One of the key themes to emerge from the Senate Judiciary Committee's hearing on oversight of the FBI was the absolute necessity of an independent investigation into the Trump campaign's possible collusion with Russia, a case that FBI Director James Comey inadvertently made in powerful fashion.
The Trump/Russia investigation was a central subject of the Senate Judiciary Committee's hearing on oversight of the FBI, at which FBI Director James Comey testified for several hours.
While Republicans tried to deflect attention away from the FBI's ongoing investigation into possible coordination between Donald Trump's campaign and the Russians, Democrats uncovered key information, and highlighted the need for an independent investigation by a special prosecutor.
Democrats were aided in the latter effort, albeit reluctantly, by Comey himself.
Early in the hearing, Senator Amy Klobuchar asked Comey if he would fully brief the Senate and House intelligence committees on the results of the FBI's Trump/Russia investigation, and Comey responded that he would only do so if given permission by DOJ:
— Tommy Christopher (@tommyxtopher) May 3, 2017
KLOBUCHAR: I know that you cannot discuss that ongoing investigation. But just one question to clarify, will you commit to ensuring that the relevant Congressional committees receive a full and timely briefing on that investigations findings.
COMEY: In general I can, Senator, I need Department of Justice approval to brief on particular people that we’re investigating. We’ve briefed the chairs and the rankings, including of this committee, on who we have cases open on and exactly what we’re doing and how we’re using various sources of information. I don’t know whether the Department will approve that for the entire intelligence committees, but I’ll lean as far forward as I can.
Klobuchar then noted that Attorney General Sessions is recused from the investigation, and Deputy Attorney General Rod Rosenstein is next in line, and asked "Do you go to him then to get that approval?"
Comey responded that Rosenstein "would be the person to make that decision."
The subject of this clear conflict came up several more times, including when Sen. Mazie Hirono (D-HI) asked Comey if the Justice Department could halt an FBI investigation, to which Comey replied "In theory, yes."
But that conflict was highlighted most glaringly when Senator Richard Blumenthal (D-CT) asked Comey if he would inform the committee if the Trump White House were not cooperating with the FBI. Comey replied, "I won't commit to that," which raised the question that further proves the necessity for a special prosecutor:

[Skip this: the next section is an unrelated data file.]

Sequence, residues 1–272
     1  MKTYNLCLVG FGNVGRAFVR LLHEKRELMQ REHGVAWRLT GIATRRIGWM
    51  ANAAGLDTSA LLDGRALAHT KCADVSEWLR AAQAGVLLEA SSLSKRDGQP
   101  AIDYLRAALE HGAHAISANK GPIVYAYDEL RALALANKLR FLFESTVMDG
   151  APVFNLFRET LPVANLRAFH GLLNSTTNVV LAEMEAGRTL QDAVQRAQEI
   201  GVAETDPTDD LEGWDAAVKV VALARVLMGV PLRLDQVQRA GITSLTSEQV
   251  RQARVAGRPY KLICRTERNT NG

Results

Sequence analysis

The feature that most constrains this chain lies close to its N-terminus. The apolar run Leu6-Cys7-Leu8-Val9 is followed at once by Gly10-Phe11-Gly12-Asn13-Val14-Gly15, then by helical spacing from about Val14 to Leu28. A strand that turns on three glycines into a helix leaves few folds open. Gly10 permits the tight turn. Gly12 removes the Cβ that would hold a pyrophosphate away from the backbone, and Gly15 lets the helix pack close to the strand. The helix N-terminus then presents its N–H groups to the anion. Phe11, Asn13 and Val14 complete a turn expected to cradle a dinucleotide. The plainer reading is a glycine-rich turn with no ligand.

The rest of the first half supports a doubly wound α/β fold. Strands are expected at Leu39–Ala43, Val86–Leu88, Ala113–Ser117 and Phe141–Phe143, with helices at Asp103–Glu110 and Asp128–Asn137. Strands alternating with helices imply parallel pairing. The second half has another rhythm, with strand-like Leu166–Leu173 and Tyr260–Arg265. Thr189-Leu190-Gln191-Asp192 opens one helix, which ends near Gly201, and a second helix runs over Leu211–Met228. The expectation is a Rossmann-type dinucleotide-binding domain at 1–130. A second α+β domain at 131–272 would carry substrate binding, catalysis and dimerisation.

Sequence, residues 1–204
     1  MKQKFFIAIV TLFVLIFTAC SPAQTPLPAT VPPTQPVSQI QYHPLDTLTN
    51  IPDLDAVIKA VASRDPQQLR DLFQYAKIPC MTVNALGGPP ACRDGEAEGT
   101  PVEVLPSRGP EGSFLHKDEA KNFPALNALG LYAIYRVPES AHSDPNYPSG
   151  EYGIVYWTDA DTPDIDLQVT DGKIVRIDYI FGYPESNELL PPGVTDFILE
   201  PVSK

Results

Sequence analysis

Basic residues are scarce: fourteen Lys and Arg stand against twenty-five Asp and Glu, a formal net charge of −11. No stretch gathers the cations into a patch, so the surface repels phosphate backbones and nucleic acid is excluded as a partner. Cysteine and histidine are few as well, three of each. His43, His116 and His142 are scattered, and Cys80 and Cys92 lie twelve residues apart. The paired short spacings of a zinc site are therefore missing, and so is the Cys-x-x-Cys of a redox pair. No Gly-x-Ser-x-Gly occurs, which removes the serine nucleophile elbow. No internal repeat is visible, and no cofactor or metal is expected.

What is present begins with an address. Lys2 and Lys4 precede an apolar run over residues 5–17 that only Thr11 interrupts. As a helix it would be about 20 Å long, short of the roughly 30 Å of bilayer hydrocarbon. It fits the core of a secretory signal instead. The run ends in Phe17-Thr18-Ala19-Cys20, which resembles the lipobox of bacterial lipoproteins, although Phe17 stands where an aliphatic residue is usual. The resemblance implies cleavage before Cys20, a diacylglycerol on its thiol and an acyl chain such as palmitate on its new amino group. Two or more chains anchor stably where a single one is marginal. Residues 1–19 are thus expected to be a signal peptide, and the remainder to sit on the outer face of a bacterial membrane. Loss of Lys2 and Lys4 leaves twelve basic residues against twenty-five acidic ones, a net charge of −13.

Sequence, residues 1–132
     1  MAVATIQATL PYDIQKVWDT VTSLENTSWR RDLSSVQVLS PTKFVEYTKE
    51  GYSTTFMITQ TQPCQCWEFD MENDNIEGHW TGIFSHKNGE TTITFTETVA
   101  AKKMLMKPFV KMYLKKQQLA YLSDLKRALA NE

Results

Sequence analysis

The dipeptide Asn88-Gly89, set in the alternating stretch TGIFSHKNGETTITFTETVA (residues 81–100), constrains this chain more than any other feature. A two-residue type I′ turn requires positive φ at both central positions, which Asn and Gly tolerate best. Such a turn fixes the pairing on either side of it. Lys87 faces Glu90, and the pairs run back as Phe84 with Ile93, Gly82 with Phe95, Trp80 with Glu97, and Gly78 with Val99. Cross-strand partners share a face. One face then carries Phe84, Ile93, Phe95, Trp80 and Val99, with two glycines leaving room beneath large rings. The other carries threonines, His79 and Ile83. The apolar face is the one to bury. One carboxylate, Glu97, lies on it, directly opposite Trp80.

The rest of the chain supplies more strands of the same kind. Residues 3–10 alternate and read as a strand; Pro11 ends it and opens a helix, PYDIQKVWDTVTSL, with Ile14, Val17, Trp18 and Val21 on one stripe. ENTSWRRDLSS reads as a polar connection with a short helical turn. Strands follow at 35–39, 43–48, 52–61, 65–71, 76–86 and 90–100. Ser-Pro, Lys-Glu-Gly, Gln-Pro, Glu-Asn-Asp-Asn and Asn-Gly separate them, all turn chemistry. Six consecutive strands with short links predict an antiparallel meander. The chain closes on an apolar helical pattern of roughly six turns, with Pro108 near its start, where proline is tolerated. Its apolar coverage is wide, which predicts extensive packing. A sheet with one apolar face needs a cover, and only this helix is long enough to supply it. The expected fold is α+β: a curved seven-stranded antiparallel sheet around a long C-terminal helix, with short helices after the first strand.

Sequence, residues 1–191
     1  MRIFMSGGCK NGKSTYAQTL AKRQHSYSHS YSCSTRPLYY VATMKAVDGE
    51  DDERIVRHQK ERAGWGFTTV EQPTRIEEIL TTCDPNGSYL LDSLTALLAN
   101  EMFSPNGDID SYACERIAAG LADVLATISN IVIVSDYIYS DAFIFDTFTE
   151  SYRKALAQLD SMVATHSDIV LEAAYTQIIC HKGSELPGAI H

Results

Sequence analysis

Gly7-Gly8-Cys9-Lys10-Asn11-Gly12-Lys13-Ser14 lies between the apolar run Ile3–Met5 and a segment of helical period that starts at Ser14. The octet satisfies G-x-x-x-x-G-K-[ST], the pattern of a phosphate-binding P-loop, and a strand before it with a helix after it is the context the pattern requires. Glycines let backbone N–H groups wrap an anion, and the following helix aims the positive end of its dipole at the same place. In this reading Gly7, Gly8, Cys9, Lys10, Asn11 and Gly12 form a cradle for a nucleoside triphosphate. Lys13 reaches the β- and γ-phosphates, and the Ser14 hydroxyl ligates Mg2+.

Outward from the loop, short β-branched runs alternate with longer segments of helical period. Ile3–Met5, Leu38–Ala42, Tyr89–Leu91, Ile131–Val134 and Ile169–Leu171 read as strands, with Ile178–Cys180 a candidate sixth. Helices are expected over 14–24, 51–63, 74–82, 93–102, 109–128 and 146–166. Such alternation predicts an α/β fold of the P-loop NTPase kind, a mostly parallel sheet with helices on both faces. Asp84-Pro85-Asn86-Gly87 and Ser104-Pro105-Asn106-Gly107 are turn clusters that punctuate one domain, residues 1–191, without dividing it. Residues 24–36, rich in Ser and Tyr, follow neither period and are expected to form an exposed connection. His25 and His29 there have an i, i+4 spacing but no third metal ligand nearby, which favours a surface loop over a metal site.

BLUMENTHAL: Would you tell this committee if there is a lack of cooperation on the part of White House?
COMEY: I won't commit to that.
BLUMENTHAL: Isn't there, again, another reason for there to be a special prosecutor, because who would you complain to, the deputy attorney general? If there were a lack of cooperation on the part of the Trump White House?
COMEY: If there was a challenge, with any investigation, that I couldn't resolve at the working level, I would elevate it to the deputy attorney general, or whoever was in charge of it.
BLUMENTHAL: But the deputy attorney general is appointed by the president. Correct?
BLUMENTHAL: Isn't that an inherent conflict of interest?
COMEY: It's a consideration, but also, the nature of the person in the role is also a very important consideration. I think we're lucky to have somebody who thinks about the justice system the very similarly to the way I do, and Pat Fitzgerald [special prosecutor who was appointed to investigate the leak of CIA agent Valerie Plame's identity] does, and to the way you do.
BLUMENTHAL: And let me ask you, again, to just clarify a question that Senator Hirono asked. The career prosecutors so far involved are in the national security division in main justice, and the Eastern District of Virginia, United States attorney's office, correct?
BLUMENTHAL: But the decision about prosecuting would be made by their boss, I think is the word you used, correct?
BLUMENTHAL: And that would probably be, right now, the deputy attorney general, correct?
COMEY: Correct. In a matter of complexity and significance, the ultimate decision in practice is almost always made at the highest level in the department which would be Rod Rosenstein.
Despite Comey's professed faith in Rosenstein, who has refused to commit to an independent investigation, this testimony unquestionably proves the necessity of a special prosecutor.
In short, Comey has declared that he will not brief the intelligence committees without permission from the Trump-appointed deputy attorney general; that he will not inform them if Trump's White House refuses to cooperate; and that the decision to prosecute will ultimately rest in a Trump appointee's hands.
Comey may be fine with that, but the American people are not.